Is there a separate elegy to be written for that generation of newspapermen and women who came of age after Vietnam, after the Pentagon Papers and Watergate? For us starry-eyed acolytes of a glorious new church, all of us secular and cynical and dedicated to the notion that though we would still be stained with ink, we were no longer quite wretches? Where is our special requiem?
Bright and shiny we were in the late 1970s, packed into our bursting journalism schools, dog-eared paperback copies of “All the President’s Men” and “The Powers That Be” atop our Associated Press stylebooks. No business school called to us, no engineering lab, no information-age computer degree—we had seen a future of substance in bylines and column inches. Immortality lay in a five-part series with sidebars in the Tribune, the Sun, the Register, the Post, the Express.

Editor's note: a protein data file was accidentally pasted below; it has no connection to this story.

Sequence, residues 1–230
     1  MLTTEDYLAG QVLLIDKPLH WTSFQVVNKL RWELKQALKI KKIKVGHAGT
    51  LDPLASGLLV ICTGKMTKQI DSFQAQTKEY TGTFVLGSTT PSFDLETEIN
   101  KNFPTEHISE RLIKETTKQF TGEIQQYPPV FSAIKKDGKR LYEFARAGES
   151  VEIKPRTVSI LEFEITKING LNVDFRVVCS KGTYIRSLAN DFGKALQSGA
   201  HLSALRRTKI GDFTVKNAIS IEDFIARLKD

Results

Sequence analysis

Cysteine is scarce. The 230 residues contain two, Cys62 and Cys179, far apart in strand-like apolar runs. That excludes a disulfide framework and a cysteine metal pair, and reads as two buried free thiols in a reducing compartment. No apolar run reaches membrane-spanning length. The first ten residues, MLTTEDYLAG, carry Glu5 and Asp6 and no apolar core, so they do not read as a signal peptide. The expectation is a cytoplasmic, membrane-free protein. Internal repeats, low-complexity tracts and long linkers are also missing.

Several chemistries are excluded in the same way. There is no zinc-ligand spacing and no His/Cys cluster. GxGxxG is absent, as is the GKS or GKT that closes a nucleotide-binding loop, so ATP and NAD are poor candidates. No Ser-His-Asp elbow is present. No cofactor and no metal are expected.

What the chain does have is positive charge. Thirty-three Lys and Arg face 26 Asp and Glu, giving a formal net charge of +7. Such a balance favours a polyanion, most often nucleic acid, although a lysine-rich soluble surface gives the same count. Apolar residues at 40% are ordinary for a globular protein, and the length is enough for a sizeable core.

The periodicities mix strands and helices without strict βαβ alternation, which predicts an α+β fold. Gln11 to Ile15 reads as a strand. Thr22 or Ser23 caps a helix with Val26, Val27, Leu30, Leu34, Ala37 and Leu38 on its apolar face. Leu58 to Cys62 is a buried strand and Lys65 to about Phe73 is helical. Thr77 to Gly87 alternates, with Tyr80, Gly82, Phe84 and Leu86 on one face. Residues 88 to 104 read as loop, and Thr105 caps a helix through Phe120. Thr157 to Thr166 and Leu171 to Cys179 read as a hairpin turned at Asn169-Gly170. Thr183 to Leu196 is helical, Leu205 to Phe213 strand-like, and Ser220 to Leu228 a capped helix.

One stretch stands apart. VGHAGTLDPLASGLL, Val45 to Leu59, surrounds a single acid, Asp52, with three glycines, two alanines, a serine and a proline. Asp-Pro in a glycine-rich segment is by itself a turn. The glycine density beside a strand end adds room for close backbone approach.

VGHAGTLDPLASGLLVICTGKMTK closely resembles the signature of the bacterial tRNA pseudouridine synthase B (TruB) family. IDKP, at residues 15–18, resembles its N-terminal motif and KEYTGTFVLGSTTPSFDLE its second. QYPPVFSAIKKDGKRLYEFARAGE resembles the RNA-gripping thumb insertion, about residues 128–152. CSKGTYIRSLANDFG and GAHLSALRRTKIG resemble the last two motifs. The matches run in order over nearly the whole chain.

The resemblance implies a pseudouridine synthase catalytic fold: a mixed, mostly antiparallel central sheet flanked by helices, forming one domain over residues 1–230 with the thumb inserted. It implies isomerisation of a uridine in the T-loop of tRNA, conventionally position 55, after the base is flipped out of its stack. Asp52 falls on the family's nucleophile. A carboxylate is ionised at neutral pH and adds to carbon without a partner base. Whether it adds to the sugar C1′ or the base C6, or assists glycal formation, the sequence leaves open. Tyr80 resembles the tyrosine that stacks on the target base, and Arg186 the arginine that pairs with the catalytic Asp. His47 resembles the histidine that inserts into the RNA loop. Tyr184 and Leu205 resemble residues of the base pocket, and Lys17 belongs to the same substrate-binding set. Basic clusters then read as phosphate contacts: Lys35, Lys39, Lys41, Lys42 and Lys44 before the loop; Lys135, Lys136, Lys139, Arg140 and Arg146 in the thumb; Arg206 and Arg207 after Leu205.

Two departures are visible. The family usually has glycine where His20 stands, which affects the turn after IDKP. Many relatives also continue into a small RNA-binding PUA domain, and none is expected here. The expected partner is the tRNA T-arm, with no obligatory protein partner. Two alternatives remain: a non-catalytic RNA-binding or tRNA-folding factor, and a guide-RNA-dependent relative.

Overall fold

What the hell happened?
Those words, the beginning of a powerful op-ed in Sunday’s Washington Post about the state of American journalism, caused much soul-searching for me yesterday. I don’t remember these better days, and I know that if journalists are great at one thing, it is seeing the negative in any situation. But I also know that such nostalgia is not just bitter and certainly not sweet, and it’s sad to wonder what the future holds for news ink journos.
The column is written by David Simon, executive producer of “The Wire,” and it only gets more depressing from that point, particularly when he talks about the thinning of his former employer, The Baltimore Sun, and compares the attempt to repackage newspapers more efficiently and engagingly to the Chevy Vega.